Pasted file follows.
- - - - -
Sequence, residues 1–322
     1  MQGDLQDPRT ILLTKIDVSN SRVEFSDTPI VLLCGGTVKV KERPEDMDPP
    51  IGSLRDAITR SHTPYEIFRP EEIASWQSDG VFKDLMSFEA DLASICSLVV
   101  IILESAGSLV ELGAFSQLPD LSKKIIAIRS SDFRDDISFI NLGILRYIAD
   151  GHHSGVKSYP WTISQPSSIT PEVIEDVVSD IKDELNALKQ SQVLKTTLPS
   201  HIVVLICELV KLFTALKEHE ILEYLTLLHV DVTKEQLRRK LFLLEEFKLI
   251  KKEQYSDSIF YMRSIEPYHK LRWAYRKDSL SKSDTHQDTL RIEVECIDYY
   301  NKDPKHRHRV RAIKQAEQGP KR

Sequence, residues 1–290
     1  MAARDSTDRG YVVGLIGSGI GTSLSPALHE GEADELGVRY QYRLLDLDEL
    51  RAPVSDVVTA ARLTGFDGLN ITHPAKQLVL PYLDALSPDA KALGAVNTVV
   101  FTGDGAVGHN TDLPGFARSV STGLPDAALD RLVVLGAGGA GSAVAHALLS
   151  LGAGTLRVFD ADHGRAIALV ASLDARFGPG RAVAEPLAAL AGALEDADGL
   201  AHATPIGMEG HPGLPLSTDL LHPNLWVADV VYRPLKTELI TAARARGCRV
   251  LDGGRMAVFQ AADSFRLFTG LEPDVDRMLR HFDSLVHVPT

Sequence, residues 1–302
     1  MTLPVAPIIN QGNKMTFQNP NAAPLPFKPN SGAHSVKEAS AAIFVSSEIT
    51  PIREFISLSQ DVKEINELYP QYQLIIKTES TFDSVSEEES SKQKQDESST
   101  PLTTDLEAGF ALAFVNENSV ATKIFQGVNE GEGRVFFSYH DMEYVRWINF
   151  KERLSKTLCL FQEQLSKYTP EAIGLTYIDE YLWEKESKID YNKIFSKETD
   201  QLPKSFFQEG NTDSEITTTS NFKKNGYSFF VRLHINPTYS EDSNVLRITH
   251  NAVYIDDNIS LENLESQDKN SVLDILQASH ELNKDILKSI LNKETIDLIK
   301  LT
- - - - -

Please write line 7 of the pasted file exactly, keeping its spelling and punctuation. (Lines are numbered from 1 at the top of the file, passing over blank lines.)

   251  KKEQYSDSIF YMRSIEPYHK LRWAYRKDSL SKSDTHQDTL RIEVECIDYY